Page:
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Chapter 12 Bankruptcy: Reorganizing The Family Farm or Fishery

Updated: Jul 9

By Ashley Ellixson


Green tractor in front of farm (Photo by Edwin Remsberg).

This article first appeared in the July 26th edition of the Delmarva Farmer.


I know what you may already be thinking: bankruptcy is such a gloomy topic. It is just that, gloomy. However, sometimes it may be the best option to enable the family farm to continue operating far into the future. Today, I will walk through what chapter 12 bankruptcy is and the how, who, and what questions surrounding the whole process. It is important, however, to consultant an attorney on your unique situation before moving forward with a bankruptcy filing.


Chapter 12 was designed to meet the economic realities of the family farm or family fishery. Although created in 1986 in response to the nationwide farm financial crisis, Chapter 12 was made permanent only recently, in 2005. Chapter 12 makes it possible for family farms and fisheries to restructure or reorganize to become viable in the future despite a current hardship or economic crisis. Chapter 12 bankruptcy, as opposed to other chapters of bankruptcy, is designed for “family farmers” or “family fishermen” with “regular annual income.” It enables financially distressed family farmers and fishermen to propose and carry out a plan to repay all or part of their debts.


Who Can File for Chapter 12 Bankruptcy?

Family farmers and fishermen fall into two categories for qualification purposes:

  1. Individual or Individual & Spouse

  2. Must be engaged in farming or commercial fishing operation

  3. Total debts of the operation must not exceed $4,031,575, or $1,868,200 if they are fishermen

  4. At least 50% of debts must be related to farming operation, or 80% of total debts on commercial fishing operations (in both cases excluding home mortgages), and

  5. At least 50% of gross income from preceding tax year must come from farming

  6. A Corporation or Partnership

  7. More than 50% of outstanding stock or equity must be owned by one family or by one family and relatives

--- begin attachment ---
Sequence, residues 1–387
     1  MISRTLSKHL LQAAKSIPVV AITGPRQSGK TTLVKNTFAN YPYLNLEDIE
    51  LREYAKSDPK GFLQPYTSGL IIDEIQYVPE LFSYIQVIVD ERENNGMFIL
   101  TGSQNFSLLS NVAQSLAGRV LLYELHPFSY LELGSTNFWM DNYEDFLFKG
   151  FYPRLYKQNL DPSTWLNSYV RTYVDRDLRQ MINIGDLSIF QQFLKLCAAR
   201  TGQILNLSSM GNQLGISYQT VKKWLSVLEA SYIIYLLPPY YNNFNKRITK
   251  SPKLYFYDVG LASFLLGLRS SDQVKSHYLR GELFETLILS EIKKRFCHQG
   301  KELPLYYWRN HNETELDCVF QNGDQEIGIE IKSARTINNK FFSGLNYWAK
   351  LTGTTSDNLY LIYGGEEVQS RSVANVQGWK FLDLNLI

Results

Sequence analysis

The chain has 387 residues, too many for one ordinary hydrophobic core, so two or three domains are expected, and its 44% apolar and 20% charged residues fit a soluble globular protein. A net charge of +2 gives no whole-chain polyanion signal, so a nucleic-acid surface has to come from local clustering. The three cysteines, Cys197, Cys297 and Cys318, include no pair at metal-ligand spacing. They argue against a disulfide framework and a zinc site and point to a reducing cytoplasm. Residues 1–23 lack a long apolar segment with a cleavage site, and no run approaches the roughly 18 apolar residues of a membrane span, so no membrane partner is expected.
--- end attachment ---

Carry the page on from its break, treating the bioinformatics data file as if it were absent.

8. Family must conduct farming or fishing

  9. More than 80% of value of assets must be related to farming or fishing

  10. Total debts of the operation must not exceed $4,031,575, or $1,868,200 if they are fishermen

  11. At least 50% of debts must be related to farming operations or 80% for fishing operations

  12. If there is stock, it cannot be publically traded

What Is the Process?

The bankruptcy code requires a precise process to follow during any chapter of bankruptcy. The exact order of events are:

  1. Farmer/fisherman receives credit counseling from an approved credit counseling service

  2. Farmer/fisherman files a Chapter 12 petition with the bankruptcy court

  3. 20-35 days after filing petition, the bankruptcy court holds a meeting of creditors

  4. Within 90 days of filing the initial petition, the farmer must submit a reorganization plan to the court

  5. The court confirms or rejects the plan

  6. If confirmed, the farmer/fisherman will stay in bankruptcy 3-5 years

  7. The farmer/fisherman is discharged from bankruptcy and continues to make long term debt payments

What Happens After the Three or Five Years?

The debtor (farmer or fisherman) will receive a discharge after completing all payments under the chapter 12 plan as long as the debtor certifies all domestic support obligations were paid. To review, domestic supports include alimony or child support. Alternatively, the court may grant a “hardship discharge” to a chapter 12 debtor even though the debtor has failed to complete plan payments. This is available only to a debtor who failed to complete plan payments due to circumstances beyond the debtor’s control and through no fault of the debtor. For example, a farmer or fisherman with an injury or illness precluding employment may result in a hardship to repay debts.

Possibly one of the most advantageous parts of Chapter 12 is the ability of the farmer or fisherman to reduce secured debt to the value of the collateral. For example, a farmer borrows $400,000 to purchase dairy cows which provide the collateral to secure the loan. Those dairy cows are determined to be worth $200,000 at the time of bankruptcy — thus the secured debt would be reduced to $200,000 while the remaining $200,000 would be considered unsecured debt.

Another point to remember is that a husband and wife may file a joint petition or individual petitions. The official forms for Chapter 12 bankruptcy may be purchased at legal stationery stores or downloaded at www.uscourts.gov/bkforms/index.html.

Again, it is important to first consult an attorney with bankruptcy expertise. This post is not to be considered legal advice or a thorough explanation of all Chapter 12 bankruptcy details.


Resources:

http://www.uscourts.gov/services-forms/bankruptcy/bankruptcy-basics/chapter-12-bankruptcy-basics


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